Breed Standard

Last updated December 2012

A Breed Standard is the guideline which describes the ideal characteristics, temperament and appearance including the correct colour of a breed and ensures that the breed is fit for function. Absolute soundness is essential. Breeders and judges should at all times be careful to avoid obvious conditions or exaggerations which would be detrimental in any way to the health, welfare or soundness of this breed. From time to time certain conditions or exaggerations may be considered to have the potential to affect dogs in some breeds adversely, and judges and breeders are requested to refer to the Breed Watch section of the Kennel Club website here http://www.the-kennel-club.org.uk/services/public/breeds/watch for details of any such current issues. If a feature or quality is desirable it should only be present in the right measure. However if a dog possesses a feature, characteristic or colour described as undesirable or highly undesirable it is strongly recommended that it should not be rewarded in the show ring.

General Appearance

Decidedly square and cobby, it is ‘multum in parvo’ shown in compactness of form, well knit proportions and hardness of muscle, but never to appear low on legs, nor lean and leggy.

Characteristics

Great charm, dignity and intelligence.

Temperament

Even-tempered, happy and lively disposition.

Head and Skull

Head relatively large and in proportion to body, round, not apple-headed, with no indentation of skull. Muzzle relatively short, blunt, square, not upfaced. Nose black, fairly large with well open nostrils. Wrinkles on forehead clearly defined without exaggeration. Eyes or nose never adversely affected or obscured by over nose wrinkle. Pinched nostrils and heavy over nose wrinkle is unacceptable and should be heavily penalised.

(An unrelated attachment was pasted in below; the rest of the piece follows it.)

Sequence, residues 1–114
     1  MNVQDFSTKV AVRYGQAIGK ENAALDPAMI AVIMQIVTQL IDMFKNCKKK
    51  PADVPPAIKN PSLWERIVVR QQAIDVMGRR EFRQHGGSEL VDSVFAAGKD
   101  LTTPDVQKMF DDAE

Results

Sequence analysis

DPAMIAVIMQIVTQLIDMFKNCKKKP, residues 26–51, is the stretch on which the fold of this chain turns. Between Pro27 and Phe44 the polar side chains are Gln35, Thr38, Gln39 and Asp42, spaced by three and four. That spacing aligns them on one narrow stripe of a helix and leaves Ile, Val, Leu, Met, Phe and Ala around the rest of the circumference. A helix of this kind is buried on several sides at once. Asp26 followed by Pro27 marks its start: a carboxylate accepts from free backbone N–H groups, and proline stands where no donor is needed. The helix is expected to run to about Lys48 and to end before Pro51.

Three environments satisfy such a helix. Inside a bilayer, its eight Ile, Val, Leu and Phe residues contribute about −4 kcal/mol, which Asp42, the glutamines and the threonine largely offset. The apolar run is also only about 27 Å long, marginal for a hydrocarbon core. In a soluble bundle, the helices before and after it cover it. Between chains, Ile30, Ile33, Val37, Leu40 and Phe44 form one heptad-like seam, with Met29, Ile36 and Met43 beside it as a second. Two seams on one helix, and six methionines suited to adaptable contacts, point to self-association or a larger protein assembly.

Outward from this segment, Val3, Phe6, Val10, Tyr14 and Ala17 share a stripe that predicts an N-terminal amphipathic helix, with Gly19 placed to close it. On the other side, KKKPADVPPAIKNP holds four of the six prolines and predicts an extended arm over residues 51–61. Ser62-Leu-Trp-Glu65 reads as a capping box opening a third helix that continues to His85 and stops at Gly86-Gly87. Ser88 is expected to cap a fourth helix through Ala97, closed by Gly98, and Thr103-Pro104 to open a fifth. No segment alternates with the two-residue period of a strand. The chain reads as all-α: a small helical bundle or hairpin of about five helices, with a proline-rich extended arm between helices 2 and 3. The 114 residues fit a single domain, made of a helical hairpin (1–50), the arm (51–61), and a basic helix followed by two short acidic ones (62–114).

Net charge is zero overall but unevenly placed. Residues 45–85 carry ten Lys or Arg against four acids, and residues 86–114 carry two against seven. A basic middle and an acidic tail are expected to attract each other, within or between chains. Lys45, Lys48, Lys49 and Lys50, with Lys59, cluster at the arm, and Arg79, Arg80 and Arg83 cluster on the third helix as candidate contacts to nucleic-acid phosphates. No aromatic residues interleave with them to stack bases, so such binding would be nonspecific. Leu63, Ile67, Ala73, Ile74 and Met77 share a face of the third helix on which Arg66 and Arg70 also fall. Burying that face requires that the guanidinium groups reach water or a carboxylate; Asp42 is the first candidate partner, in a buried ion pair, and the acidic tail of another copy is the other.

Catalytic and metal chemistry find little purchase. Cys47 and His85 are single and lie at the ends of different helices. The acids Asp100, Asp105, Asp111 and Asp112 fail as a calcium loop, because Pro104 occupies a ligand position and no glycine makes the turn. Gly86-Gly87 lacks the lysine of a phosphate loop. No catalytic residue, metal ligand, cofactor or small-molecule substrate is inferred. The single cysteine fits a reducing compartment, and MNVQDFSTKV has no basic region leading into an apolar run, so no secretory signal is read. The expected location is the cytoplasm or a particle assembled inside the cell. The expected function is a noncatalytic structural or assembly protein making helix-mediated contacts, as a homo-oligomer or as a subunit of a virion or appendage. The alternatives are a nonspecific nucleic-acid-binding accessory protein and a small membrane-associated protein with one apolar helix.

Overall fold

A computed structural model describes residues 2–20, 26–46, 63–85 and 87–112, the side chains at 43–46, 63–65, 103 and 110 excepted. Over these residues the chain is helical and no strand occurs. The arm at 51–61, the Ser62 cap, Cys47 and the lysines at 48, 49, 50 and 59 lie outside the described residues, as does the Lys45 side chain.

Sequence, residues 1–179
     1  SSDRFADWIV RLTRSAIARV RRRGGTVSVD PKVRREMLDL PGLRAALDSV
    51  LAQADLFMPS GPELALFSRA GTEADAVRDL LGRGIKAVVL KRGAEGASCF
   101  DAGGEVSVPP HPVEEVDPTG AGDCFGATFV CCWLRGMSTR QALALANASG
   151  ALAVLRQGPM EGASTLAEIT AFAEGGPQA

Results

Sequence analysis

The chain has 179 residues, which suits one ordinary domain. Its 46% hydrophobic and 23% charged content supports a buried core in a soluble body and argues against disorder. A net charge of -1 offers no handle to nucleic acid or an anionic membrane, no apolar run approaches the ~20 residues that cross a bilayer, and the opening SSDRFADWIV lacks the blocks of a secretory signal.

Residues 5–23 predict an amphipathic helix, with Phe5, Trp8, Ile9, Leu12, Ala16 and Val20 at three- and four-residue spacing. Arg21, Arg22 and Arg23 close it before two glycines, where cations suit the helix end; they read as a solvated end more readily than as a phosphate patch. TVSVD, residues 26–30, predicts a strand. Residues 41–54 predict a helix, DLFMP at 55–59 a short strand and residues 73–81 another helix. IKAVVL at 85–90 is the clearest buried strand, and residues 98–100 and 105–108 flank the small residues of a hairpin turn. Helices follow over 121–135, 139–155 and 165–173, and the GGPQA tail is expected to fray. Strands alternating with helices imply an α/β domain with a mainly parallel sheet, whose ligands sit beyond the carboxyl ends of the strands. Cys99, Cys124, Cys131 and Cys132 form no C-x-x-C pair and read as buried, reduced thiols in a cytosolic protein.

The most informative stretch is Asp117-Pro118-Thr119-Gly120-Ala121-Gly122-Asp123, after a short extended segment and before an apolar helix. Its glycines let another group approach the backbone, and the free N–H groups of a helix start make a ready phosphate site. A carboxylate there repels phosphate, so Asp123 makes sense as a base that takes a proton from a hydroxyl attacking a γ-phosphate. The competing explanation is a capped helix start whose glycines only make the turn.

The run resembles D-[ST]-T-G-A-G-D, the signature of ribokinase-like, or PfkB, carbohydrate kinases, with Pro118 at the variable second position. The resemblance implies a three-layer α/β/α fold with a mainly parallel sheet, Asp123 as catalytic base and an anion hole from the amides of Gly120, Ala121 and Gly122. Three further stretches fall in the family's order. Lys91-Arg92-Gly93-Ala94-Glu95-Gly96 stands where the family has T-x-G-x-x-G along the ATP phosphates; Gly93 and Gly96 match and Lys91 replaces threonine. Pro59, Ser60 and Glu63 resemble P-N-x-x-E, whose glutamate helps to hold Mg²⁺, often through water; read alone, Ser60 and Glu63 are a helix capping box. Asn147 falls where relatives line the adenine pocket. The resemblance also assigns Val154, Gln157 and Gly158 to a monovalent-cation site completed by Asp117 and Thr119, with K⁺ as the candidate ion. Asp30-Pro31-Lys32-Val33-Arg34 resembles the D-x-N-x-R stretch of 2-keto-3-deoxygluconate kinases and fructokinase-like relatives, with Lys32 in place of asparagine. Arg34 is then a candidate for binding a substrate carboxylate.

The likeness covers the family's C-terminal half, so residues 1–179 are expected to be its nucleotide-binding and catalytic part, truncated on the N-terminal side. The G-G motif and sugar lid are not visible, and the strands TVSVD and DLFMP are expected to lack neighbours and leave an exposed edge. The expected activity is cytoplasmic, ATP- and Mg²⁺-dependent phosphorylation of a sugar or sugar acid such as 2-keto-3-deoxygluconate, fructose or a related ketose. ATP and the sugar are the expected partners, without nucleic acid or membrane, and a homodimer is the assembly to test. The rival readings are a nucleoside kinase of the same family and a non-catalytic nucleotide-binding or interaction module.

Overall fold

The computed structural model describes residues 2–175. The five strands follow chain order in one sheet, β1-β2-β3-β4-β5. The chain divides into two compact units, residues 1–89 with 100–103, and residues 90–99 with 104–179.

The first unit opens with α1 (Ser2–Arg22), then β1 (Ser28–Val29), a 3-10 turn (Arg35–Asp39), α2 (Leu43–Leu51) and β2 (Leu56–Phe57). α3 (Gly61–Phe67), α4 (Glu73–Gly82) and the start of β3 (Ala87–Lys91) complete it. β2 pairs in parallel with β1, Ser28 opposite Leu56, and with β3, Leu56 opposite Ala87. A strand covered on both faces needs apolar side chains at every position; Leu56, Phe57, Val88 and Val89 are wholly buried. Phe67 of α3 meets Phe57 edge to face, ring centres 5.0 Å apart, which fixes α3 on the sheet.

Eyes

Dark, relatively large, round in shape, soft and solicitous in expression, very lustrous, and when excited, full of fire. Never protruding, exaggerated or showing white when looking straight ahead. Free from obvious eye problems.

Ears

Thin, small soft like black velvet. Two kinds – ‘Button ear’ – ear flap folding forward, tip lying close to skull to cover opening. ‘Rose ear’ – small drop ear which folds over and back to reveal the burr.

Mouth

Slightly undershot. Wide lower jaw with incisors almost in a straight line. Wry mouths, teeth or tongue showing all highly undesirable and should be heavily penalised.

Neck

Slightly arched to resemble a crest, strong, thick with enough length to carry head proudly.

Forequarters

Legs very strong, straight, of moderate length, and well under body. Shoulders well sloped.

Body

Short and cobby, broad in chest. Ribs well sprung and carried well back. Topline level neither roached nor dipping.

Hindquarters

Legs very strong, of moderate length, with good turn of stifle, well under body, straight and parallel when viewed from rear.

Feet

Neither so long as the foot of the hare, nor so round as that of the cat; well split up toes; the nails black.

Tail

High-set, tightly curled over hip. Double curl highly desirable.

Gait/Movement

Viewed from in front should rise and fall with legs well under shoulder, feet keeping directly to front, not turning in or out. From behind action just as true. Using forelegs strongly putting them well forward with hindlegs moving freely and using stifles well. A slight unexaggerated roll of hindquarters typifies gait. Capable of purposeful and steady movement.

Coat

Fine, smooth, soft, short and glossy, neither harsh, off-standing nor woolly.

Colour

Silver, apricot, fawn or black. Each clearly defined, to make contrast complete between colour, trace (black line extending from occiput to tail) and mask. Markings clearly defined. Muzzle or mask, ears, moles on cheeks, thumb mark or diamond on forehead and trace as black as possible.

Size

Ideal weight 6.3-8.1 kgs (14-18 lbs). Should be hard of muscle but substance must not be confused with overweight.

Faults

Any departure from the foregoing points should be considered a fault and the seriousness with which the fault should be regarded should be in exact proportion to its degree and its effect upon the health and welfare of the dog.

Note

Male animals should have two apparently normal testicles fully descended into the scrotum.


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